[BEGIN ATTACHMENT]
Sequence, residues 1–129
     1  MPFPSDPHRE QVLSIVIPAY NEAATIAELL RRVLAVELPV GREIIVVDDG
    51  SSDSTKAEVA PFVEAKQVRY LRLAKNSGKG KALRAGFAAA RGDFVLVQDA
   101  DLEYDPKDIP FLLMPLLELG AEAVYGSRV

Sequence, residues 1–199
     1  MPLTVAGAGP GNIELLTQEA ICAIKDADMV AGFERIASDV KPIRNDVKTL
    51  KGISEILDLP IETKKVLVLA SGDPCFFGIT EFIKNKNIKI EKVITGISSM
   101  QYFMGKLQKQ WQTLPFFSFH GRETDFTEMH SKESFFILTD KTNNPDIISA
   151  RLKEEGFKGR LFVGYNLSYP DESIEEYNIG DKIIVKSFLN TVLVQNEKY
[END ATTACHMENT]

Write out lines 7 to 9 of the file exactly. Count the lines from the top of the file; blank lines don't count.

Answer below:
    51  KGISEILDLP IETKKVLVLA SGDPCFFGIT EFIKNKNIKI EKVITGISSM
   101  QYFMGKLQKQ WQTLPFFSFH GRETDFTEMH SKESFFILTD KTNNPDIISA
   151  RLKEEGFKGR LFVGYNLSYP DESIEEYNIG DKIIVKSFLN TVLVQNEKY